Fixed vs Arm Rate
Generally speaking, you can break mortgage loans down a number of ways: type of loan, transaction type, is it a federal loan, payment terms, amortization schedule, etc. One of those ways is whether or not the loan has a fixed vs arm rate. This is by far one of the more important aspects to consider when pursuing a home loan, regardless of whether it is a purchase or a refinance.
This is a question of security and longevity. Do you want a rate that is fixed and stays the same for the life of the loan, or one that will potentially change on you? This is a key question.
A fixed rate loan is what it sounds like – a loan with an interest rate that is fixed for the life of the loan. This means that no matter what, no matter what happens in the financial marketplace, your rate will not change. You do not have to worry about your mortgage interest rate going up. But of course, this also means that it won’t ever go down. This allows you to plan for your future, budget farther out, etc. It is a matter of security, having the peace of mind that comes with knowing exactly what your interest rate will be for the life of the loan. *Please note: This does not mean that your total mortgage payment won’t ever change. Changes in your property taxes or insurance premiums could affect your escrow payments (if you are escrow), and this could cause your overall payment to change.
An ARM, short for Adjustable Rate Mortgage, is the opposite. This is a rate that can, and more than likely will change as the markets fluctuate. Now, one interesting factor with these loans is that they often do have a set period of time during which the rate is, in fact, fixed. Typically, you see these in odd number increments: 1 year, 3 years, 5 years, 7 years and then there might be a 10 year option. During the specified time, the interest rate will not change. Once that time has elapsed, however, the rate will become adjustable, varying based on the market conditions at that time. Most commonly these rates are adjusted based on the LIBOR index, but some may be different depending on your lender. And while the rate in theory could go down (which would be great), it is much more likely that the rate will increase once it hits the adjustable period. It all depends on the state of the markets at that time.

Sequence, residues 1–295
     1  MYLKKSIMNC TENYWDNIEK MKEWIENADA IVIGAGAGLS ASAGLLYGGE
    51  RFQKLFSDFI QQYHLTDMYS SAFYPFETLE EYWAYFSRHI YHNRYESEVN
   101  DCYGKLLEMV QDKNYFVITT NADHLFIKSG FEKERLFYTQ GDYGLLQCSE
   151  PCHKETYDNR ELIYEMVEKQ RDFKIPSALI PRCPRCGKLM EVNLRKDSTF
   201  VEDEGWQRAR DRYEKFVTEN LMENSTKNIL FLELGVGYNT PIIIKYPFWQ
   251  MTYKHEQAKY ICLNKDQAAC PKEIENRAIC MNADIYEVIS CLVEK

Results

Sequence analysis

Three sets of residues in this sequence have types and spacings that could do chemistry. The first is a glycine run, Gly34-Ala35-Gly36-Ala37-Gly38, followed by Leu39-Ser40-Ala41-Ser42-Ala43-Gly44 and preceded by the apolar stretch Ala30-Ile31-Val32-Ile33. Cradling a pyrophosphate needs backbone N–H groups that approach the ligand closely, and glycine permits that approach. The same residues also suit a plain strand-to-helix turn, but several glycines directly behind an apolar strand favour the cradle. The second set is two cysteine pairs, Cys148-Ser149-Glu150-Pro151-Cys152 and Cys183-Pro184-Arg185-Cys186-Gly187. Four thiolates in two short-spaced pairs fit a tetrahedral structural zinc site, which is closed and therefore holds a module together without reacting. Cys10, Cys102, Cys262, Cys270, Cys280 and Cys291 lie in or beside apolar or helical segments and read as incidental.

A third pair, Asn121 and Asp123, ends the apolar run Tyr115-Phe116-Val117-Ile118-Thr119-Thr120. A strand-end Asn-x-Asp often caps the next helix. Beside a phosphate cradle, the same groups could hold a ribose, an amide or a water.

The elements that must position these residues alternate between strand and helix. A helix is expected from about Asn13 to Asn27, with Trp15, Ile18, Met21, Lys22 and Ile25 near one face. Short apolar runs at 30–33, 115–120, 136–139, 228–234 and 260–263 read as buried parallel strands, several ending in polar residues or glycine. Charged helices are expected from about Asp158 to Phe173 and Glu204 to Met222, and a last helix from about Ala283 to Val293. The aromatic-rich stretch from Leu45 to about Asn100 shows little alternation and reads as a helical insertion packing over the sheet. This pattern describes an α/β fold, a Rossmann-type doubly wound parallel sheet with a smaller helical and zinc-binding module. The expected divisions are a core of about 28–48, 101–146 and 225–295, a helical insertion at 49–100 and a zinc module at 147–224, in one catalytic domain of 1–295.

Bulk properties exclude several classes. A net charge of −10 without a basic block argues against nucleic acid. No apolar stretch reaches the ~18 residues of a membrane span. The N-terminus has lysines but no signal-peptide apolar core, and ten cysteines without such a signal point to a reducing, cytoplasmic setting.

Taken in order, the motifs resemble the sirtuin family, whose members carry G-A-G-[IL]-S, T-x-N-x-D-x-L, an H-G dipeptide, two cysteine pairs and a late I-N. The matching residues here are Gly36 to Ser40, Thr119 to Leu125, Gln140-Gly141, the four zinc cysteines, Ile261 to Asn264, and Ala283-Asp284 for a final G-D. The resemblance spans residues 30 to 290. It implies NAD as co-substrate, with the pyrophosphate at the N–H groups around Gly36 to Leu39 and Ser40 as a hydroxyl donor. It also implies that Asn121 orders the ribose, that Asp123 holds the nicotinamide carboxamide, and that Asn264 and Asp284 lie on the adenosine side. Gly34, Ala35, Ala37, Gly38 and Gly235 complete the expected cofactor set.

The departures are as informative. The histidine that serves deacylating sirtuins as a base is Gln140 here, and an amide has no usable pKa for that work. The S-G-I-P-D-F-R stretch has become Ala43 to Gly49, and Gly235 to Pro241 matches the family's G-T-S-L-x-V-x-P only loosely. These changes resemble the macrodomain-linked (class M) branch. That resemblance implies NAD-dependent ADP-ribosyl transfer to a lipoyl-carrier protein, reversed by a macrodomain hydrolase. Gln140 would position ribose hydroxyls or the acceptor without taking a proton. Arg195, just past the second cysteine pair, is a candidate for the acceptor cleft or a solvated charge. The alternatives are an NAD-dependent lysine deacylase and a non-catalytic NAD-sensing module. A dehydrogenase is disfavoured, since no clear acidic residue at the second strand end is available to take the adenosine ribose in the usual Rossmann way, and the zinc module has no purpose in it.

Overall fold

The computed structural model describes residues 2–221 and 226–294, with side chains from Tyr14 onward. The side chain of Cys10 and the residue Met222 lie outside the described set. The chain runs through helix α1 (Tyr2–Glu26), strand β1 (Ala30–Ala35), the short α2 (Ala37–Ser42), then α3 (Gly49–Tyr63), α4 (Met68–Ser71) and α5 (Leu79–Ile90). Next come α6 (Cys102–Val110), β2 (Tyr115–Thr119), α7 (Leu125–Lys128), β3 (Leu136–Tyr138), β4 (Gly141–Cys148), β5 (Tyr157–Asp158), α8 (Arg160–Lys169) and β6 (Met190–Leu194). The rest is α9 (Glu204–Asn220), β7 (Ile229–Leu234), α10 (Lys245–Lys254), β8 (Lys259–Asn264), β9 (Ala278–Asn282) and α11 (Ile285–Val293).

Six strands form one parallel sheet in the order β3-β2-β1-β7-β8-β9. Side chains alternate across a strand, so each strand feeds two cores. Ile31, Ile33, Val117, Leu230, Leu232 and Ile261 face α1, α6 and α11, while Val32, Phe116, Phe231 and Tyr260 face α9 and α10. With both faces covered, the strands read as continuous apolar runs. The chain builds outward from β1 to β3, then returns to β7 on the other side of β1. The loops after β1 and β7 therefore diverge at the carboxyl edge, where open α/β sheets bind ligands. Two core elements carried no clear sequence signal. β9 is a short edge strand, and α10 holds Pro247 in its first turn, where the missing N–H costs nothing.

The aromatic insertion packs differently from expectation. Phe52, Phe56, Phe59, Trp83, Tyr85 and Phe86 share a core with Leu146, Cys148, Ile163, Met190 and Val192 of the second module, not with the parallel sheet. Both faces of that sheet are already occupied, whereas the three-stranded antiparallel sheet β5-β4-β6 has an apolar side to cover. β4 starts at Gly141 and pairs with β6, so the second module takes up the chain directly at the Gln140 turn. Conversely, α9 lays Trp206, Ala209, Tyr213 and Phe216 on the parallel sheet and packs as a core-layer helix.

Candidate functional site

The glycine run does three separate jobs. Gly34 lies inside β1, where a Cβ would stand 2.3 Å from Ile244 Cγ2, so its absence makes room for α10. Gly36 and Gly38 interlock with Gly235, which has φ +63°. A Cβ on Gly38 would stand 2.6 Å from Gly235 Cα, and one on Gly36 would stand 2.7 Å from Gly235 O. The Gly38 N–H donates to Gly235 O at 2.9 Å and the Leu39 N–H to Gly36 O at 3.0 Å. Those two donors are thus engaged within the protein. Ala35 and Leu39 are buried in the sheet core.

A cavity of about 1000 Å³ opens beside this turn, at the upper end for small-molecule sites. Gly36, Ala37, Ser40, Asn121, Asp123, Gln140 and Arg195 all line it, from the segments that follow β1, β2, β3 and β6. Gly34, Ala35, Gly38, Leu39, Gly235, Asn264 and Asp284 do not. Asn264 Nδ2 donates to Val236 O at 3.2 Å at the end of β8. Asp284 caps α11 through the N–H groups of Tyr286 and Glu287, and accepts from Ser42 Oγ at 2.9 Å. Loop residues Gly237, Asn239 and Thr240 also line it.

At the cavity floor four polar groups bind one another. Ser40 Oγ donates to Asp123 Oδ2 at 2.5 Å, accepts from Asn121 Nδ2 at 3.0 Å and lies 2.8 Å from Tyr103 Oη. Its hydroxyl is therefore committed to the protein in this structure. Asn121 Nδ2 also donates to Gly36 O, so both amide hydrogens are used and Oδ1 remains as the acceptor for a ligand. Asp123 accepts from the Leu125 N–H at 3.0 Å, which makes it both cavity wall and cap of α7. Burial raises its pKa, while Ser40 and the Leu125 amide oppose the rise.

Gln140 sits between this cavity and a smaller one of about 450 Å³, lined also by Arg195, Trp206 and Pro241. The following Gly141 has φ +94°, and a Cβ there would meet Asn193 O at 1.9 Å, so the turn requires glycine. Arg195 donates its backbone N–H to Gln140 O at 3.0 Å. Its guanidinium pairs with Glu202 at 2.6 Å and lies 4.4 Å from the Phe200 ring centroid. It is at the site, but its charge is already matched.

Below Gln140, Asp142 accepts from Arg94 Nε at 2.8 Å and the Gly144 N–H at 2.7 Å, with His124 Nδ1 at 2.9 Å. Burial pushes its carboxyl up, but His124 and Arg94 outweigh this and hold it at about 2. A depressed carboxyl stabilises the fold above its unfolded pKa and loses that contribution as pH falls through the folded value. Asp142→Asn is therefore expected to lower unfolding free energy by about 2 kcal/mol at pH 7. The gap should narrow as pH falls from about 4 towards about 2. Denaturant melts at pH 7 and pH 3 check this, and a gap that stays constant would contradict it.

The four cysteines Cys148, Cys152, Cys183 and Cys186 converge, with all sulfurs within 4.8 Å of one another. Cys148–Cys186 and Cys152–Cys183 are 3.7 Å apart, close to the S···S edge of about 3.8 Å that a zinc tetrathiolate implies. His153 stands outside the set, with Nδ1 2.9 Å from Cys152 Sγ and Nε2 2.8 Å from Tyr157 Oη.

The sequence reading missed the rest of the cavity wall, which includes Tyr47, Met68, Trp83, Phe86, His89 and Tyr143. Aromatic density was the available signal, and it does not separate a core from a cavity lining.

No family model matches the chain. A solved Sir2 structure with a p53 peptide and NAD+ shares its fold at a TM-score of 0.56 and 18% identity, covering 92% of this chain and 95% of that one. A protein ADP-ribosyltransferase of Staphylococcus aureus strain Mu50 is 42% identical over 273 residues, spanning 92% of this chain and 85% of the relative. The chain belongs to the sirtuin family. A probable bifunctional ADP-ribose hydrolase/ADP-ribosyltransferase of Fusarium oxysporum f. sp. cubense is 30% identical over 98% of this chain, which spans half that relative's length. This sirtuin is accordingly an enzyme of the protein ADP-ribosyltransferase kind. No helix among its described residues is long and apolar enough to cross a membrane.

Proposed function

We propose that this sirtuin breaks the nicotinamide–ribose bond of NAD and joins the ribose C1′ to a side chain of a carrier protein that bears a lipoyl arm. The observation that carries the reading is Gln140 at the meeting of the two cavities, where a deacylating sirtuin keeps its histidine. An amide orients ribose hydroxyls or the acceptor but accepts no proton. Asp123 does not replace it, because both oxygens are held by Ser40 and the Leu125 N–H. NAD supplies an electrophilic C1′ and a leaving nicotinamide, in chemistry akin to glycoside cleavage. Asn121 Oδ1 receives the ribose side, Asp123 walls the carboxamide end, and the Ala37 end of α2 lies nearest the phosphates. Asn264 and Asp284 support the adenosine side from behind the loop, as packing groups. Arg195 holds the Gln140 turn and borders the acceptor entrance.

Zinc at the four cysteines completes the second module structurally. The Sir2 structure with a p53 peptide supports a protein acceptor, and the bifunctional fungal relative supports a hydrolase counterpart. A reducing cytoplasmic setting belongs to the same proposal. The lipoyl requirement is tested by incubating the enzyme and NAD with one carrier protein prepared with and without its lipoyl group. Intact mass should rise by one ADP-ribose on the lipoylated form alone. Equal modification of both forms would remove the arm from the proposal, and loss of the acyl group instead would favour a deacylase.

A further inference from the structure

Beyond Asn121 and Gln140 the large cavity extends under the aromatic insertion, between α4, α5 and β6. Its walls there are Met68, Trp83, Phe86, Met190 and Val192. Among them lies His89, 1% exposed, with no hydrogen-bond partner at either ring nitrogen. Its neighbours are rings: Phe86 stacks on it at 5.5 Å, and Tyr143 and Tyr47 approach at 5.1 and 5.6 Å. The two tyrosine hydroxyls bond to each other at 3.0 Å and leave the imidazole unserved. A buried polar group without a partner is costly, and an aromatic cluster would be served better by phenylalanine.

It is worth noting that these loans sometimes have pre-payment penalties associated with them. Which prepayment penalties are fewer and even more rare these days, but they do exist still in some cases. Typically, if there is a prepayment penalty, it may coincide with whatever fixed term is applied to your ARM loan. For example, if you have a three year ARM, then your rate is fixed for three years, but you may get hit with a penalty if you pay off your current loan before that three years is up. It is important to be very aware of the terms of your loan, including prepayment penalties, when working with your mortgage advisor.
The one bright point for ARM home loans is that their rates are often less than fixed rate loans, at least on the front end. For example, if you were to look at market rates today, it is almost a sure bet that interest rates on a three year ARM will be lower than rates on a fixed 30 year loan. The kicker, of course, is what happens when the loan goes adjustable – and no one can predict this!
Most people who opt for an adjustable rate mortgage rather than a fixed rate mortgage do so assuming that they will be able to refinance into a fixed rate loan within a few years, or before their fixed period expires. This can yield some hefty savings, but can also cause problems down the road. The recent housing bubble crisis was affected, in part, by ARM loans. People assumed the housing markets would stay the same or get better, making them quite confident that they would be able to refinance out of their ARM loans before their rates went up. When the housing market faltered and home prices declined, homeowners found themselves owing more than their homes were now worth, which made it all but impossible to refinance. Now stuck in their current loans, they were subjected, in many cases, to increased interest rates once their loans went adjustable. This, of course, led to higher mortgage payments that they could not afford, and the rest, as they say, is history.
The key is understanding the risks involved with ARM loans, as well as the potential benefits. If you’re putting a larger down payment on your home, and will have a larger amount of equity, this may limit your risk, as you’ll have a better chance to refinance out of an ARM when the time comes. But it is still never a guarantee, and risk is involved. Most people these days, especially in light of the recent housing crisis, opt for the fixed rate loan. This way you’re set – nothing is going to change. Lower rates on the adjustable rate mortgage loans are tempting, but there is something to be said for knowing your rate will never go up on you.
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